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cop1

[kop] /kɒp/
verb (used with object), copped, copping. Informal.
1.
to catch; nab.
2.
to steal; filch.
3.
to buy (narcotics).
Verb phrases
4.
cop out,
  1. to avoid one's responsibility, the fulfillment of a promise, etc.; renege; back out (often followed by on or of):
    He never copped out on a friend in need. You agreed to go, and you can't cop out now.
  2. cop a plea.
Idioms
5.
cop a plea,
  1. to plead guilty or confess in return for receiving a lighter sentence.
  2. to plead guilty to a lesser charge as a means of bargaining one's way out of standing trial for a more serious charge; plea-bargain.
Origin
dialectal Old French
1695-1705
1695-1705; compare cap (obsolete) to arrest, Scots cap to seize ≪ dialectal Old French caper to take, ultimately < Latin capere
Dictionary.com Unabridged
Based on the Random House Dictionary, © Random House, Inc. 2014.
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British Dictionary definitions for cop a plea

cop1

/kɒp/
noun
1.
another name for policeman
2.
(Brit) an arrest (esp in the phrase a fair cop)
3.
an instance of plagiarism
verb (transitive) cops, copping, copped
4.
to seize or catch
5.
to steal
6.
to buy, steal, or otherwise obtain (illegal drugs) Compare score (sense 26)
7.
Also cop it. to suffer (a punishment) you'll cop a clout if you do that!
8.
(Austral, slang) cop it sweet
  1. to accept a penalty without complaint
  2. to have good fortune
See also cop off, cop out
Word Origin
C18: (vb) perhaps from obsolete cap to arrest, from Old French caper to seize; sense 1, back formation from copper²

cop2

/kɒp/
noun
1.
a conical roll of thread wound on a spindle
2.
(mainly dialect) the top or crest, as of a hill
Word Origin
Old English cop, copp top, summit, of uncertain origin; perhaps related to Old English coppcup

cop3

/kɒp/
noun
1.
(Brit, slang) (usually used with a negative) worth or value that work is not much cop
Word Origin
C19: n use of cop1 (in the sense: to catch, hence something caught, something of value)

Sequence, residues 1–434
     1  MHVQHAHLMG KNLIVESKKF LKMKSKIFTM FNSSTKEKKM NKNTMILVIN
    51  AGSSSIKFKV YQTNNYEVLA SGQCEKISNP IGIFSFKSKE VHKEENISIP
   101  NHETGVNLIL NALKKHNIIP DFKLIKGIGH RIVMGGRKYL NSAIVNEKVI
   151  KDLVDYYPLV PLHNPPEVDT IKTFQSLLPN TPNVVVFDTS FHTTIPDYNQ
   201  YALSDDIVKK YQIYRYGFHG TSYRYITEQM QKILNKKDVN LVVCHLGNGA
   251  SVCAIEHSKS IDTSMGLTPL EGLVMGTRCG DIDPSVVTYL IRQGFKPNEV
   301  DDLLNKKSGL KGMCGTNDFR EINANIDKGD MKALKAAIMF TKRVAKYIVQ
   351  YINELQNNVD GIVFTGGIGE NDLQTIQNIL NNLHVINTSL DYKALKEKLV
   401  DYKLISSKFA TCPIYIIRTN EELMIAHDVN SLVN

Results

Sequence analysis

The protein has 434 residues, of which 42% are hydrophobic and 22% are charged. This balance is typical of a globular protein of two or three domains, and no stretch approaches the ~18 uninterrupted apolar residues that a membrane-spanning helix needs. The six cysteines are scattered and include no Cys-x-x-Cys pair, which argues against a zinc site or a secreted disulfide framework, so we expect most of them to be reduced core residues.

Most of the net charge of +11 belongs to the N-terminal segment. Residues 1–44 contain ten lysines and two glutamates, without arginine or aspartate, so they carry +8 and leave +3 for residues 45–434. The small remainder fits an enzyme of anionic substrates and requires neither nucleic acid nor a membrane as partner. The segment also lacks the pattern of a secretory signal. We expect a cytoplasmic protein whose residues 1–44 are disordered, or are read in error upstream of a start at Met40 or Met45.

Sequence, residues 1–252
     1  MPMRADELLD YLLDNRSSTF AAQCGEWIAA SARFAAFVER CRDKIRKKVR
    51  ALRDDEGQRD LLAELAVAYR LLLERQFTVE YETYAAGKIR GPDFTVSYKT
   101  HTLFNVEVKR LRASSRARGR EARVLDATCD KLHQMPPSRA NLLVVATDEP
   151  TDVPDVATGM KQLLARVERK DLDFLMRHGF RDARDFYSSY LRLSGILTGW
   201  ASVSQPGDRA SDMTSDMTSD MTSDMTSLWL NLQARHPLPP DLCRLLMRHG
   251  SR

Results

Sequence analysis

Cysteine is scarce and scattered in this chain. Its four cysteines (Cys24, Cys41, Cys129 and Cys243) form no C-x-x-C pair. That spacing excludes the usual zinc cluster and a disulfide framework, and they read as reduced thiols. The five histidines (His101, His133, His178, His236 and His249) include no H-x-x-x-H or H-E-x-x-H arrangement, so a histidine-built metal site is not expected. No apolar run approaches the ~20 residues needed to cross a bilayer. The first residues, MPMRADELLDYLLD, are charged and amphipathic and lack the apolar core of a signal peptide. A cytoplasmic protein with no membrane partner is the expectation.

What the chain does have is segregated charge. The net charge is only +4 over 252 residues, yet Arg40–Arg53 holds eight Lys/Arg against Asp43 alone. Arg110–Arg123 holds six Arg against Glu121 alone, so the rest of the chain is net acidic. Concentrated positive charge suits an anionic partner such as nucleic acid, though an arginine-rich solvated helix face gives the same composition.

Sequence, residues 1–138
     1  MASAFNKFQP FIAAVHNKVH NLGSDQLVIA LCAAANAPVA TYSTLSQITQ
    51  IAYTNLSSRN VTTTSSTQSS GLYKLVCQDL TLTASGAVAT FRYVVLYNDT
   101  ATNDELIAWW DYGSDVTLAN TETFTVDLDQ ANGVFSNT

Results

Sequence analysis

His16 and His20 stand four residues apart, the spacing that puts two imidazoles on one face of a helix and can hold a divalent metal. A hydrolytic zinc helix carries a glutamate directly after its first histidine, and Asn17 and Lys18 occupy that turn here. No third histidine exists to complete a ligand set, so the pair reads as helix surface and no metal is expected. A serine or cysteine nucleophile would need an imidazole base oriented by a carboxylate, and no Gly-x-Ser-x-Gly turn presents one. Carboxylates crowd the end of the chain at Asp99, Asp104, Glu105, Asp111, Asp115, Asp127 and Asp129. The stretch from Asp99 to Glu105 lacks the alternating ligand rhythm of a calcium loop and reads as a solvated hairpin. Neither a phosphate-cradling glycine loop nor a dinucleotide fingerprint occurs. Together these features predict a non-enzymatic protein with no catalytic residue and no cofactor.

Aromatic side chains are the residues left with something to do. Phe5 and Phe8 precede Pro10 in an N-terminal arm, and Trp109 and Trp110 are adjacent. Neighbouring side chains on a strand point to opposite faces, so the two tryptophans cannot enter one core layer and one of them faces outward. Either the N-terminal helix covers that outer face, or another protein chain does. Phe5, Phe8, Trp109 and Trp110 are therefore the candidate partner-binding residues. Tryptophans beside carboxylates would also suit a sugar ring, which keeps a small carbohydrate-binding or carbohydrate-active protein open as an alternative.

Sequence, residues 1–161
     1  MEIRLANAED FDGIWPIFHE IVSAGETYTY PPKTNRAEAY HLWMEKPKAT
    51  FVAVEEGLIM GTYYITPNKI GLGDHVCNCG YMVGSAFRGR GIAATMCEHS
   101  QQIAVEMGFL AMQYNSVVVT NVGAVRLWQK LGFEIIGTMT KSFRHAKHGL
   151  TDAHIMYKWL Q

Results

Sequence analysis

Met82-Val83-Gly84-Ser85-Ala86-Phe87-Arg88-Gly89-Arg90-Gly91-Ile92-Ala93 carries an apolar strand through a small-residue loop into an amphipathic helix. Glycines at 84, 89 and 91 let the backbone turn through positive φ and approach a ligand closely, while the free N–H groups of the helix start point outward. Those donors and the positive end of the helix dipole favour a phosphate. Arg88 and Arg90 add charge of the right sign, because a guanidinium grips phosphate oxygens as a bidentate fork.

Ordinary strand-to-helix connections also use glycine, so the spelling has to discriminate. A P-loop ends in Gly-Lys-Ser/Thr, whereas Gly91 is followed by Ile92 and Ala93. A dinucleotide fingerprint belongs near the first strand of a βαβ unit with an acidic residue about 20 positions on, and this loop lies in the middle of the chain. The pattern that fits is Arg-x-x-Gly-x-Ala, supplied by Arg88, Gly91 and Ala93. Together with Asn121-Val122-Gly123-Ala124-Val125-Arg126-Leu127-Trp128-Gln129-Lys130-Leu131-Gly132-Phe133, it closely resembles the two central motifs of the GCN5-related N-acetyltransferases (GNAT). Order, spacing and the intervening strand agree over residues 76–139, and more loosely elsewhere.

COP

abbreviation (in New Zealand)
1.
Certificate of Proficiency: a pass in a university subject
Collins English Dictionary - Complete & Unabridged 2012 Digital Edition
© William Collins Sons & Co. Ltd. 1979, 1986 © HarperCollins
Publishers 1998, 2000, 2003, 2005, 2006, 2007, 2009, 2012
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Word Origin and History for cop a plea

cop

v.

1704, northern British dialect, "to seize, to catch," perhaps ultimately from Middle French caper "seize, to take," from Latin capere "to take" (see capable); or from Dutch kapen "to take," from Old Frisian capia "to buy," which is related to Old English ceapian (see cheap). Related: Copped; copping.

n.

"policeman," 1859, abbreviation of earlier copper (n.2), 1846, from cop (v.).

Online Etymology Dictionary, © 2010 Douglas Harper
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Slang definitions & phrases for cop a plea

cop a plea

verb phrase

To plead guilty to a lesser charge than one might otherwise be tried for; escape a worse punishment by accepting a lesser one (1920s+ Police & underworld)


cop

noun
  1. A police officer (1850s+)
  2. A theft
  3. An arrest
verb
  1. To arrest (1850s+)
  2. To steal: He copped six PCs from the shop (1900+)
  3. To win; be awarded: to cop second place (1914+)
  4. To comprehend; grasp: I don't quite cop your sense, pal (1940s+)
  5. To buy or get narcotics: The pusher has appeared, and they will make their round-about way to him to ''cop'' (1960s+ Narcotics)
Related Terms

good cop bad cop

[origin uncertain; perhaps ultimately fr Latin capere ''seize,'' by way of French; police officer sense a shortening of copper; second sense ''seize, catch'' attested by 1704]


The Dictionary of American Slang, Fourth Edition by Barbara Ann Kipfer, PhD. and Robert L. Chapman, Ph.D.
Copyright (C) 2007 by HarperCollins Publishers.
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Related Abbreviations for cop a plea

COP

  1. coefficient of performance
  2. Colombia-peso
The American Heritage® Abbreviations Dictionary, Third Edition
Copyright © 2005 by Houghton Mifflin Company.
Published by Houghton Mifflin Company. All rights reserved.
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Idioms and Phrases with cop a plea
.
Plead guilty or confess to a crime in exchange for a lighter sentence; also, plead guilty to a lesser charge in exchange for not being tried for a more serious charge. For example, Arnold decided he was better off copping a plea than facing a jury. [ ; 1920s ]
.
Plead for mercy; make excuses. For example, He copped a plea about not knowing his way around. [ ; c. 1940 ]
The American Heritage® Idioms Dictionary
Copyright © 2002, 2001, 1995 by Houghton Mifflin Company. Published by Houghton Mifflin Company.
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